“I knew I wasn’t going to touch third,” Oleksiak said. “When I make a decision in a race, I have to execute it. I wanted a silver medal for these girls, and wouldn’t accept anything else.”

It was the country’s first podium finish at these long-awaited, no-expectations Tokyo Olympics , where Canadian Olympic Committee officials have insisted the conditions of the pandemic have made it impossible to set a performance standard for Canada’s medal count. But if recent history is a guide, it wouldn’t be unreasonable to believe the women’s 4x100-metre freestyle relay is a harbinger of good times ahead — at least in the pool.

“It kind of gets everyone on a high for the rest of the meet,” said Sanchez. “Hopefully it gets everyone in the right kind of mindset and mood.”

Canada coach Ben Titley cautioned that a meet-opening podium can take a team one of two ways.

“It can motivate people. It can take a weight off people’s shoulders. Or sometimes people can sit back,” Titley said. “And it’s the job now of the staff and the athletes to make sure that’s used as motivation and we continue to push things on.”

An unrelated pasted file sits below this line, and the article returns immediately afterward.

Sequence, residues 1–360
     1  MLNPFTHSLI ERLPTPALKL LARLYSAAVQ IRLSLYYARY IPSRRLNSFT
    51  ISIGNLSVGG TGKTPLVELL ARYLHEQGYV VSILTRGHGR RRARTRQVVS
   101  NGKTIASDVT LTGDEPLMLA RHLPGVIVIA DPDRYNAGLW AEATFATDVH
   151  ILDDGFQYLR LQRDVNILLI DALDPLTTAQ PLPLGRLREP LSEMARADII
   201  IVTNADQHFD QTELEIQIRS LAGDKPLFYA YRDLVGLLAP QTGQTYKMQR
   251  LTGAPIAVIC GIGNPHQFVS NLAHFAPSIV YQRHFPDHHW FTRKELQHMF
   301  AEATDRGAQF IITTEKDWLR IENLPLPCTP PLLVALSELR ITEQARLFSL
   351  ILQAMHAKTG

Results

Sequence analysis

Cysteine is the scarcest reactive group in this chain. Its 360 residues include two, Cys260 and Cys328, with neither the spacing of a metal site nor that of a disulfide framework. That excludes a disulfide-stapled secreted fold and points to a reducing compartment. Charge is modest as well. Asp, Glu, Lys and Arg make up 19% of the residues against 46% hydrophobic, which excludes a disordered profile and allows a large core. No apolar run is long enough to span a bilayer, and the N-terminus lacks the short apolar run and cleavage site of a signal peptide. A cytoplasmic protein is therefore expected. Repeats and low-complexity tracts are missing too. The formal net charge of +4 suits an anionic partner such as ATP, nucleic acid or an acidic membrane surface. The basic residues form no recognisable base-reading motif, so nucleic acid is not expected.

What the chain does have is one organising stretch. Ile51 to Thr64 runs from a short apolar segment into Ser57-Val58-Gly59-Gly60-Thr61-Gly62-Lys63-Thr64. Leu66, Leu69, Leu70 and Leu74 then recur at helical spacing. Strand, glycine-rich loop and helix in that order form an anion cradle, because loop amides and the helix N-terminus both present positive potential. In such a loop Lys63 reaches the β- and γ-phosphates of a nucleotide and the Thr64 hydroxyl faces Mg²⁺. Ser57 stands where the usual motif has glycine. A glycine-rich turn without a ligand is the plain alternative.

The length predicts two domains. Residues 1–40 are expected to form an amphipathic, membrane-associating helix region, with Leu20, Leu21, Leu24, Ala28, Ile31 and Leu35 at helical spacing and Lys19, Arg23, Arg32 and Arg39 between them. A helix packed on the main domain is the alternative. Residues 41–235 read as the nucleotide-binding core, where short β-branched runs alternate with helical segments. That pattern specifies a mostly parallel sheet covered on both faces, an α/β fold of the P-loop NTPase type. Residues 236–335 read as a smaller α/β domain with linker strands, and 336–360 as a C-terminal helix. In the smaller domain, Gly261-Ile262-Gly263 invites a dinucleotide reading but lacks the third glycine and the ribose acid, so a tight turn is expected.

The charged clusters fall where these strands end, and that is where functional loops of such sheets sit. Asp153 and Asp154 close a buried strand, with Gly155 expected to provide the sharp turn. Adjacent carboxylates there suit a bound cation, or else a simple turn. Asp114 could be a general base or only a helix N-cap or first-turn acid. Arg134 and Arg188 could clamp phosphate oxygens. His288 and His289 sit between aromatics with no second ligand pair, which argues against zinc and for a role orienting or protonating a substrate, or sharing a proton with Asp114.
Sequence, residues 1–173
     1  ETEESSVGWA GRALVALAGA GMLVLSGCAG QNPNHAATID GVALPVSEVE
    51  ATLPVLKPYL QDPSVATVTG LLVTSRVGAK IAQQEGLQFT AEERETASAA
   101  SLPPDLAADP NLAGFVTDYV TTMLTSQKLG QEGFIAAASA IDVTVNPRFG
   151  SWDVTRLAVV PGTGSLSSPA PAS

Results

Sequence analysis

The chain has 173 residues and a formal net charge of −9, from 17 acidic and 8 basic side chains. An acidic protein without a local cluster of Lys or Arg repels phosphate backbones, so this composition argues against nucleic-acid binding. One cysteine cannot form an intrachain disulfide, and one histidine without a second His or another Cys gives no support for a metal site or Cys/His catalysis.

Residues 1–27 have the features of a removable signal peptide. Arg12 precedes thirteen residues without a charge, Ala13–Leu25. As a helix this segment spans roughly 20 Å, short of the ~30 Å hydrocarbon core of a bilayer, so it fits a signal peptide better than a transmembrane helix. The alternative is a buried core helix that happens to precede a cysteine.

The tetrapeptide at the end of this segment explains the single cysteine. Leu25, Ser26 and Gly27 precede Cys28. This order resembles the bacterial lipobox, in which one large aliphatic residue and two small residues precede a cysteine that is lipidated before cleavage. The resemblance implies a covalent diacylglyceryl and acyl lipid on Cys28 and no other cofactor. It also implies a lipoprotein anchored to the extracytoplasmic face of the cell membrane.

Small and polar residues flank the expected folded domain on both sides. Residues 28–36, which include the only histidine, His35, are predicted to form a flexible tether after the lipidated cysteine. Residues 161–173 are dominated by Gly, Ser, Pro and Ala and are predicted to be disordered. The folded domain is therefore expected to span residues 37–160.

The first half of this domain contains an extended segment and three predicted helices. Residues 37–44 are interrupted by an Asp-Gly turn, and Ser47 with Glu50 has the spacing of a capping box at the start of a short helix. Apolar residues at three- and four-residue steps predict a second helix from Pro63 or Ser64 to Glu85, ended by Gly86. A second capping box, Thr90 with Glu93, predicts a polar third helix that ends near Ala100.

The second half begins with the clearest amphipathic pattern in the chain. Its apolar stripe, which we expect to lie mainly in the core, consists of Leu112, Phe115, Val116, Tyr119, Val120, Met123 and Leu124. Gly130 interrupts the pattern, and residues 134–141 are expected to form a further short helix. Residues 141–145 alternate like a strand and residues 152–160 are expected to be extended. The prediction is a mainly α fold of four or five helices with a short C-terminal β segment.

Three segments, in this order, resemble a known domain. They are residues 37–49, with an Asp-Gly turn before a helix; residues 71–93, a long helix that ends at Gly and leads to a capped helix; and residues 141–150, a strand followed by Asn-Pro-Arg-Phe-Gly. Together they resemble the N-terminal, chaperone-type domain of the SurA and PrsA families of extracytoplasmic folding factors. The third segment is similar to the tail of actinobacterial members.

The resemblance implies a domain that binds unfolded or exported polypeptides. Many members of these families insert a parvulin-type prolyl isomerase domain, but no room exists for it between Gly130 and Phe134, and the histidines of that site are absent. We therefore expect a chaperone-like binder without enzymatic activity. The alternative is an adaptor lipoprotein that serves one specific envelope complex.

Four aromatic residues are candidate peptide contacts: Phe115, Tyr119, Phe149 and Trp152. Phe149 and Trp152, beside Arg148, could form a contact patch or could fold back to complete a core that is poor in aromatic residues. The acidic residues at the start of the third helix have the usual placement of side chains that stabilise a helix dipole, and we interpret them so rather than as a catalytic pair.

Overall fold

When a Canadian team anchored by Oleksiak won bronze in the women’s 4x100-metre freestyle relay in Rio de Janeiro in 2016, it turned out to be a tone-setter for a watershed performance in the pool. A day later, Oleksiak would win silver in the 100-metre butterfly, the second of an incredible haul of four Olympic medals for the then-16-year-old phenom — the most by a Canadian in a single summer Games. In all, Canada would win six swimming medals in Rio.

Not that past performance ever guarantees future results. For Oleksiak, Sunday’s medal performance came in the wake of an uncertain quadrennial, topped by a year’s COVID postponement, that followed her Brazilian breakthrough. In the intervening years, she battled burnout and various injuries, not to mention her long-held dislike for training. (She prefers racing, and says she only came to finally embrace the grind of endless practice laps when the pandemic largely took racing away).

Admittedly overwhelmed by the pressure of the expectation of her new-found stardom, she took a hiatus from the sport in 2018. And then came the discombobulation of the pandemic, which threw athletes around the world for a loop — none more than Canada’s. As Titley pointed out after the race: Canada’s best swimmers came into these Olympics have raced once in the past 18 months.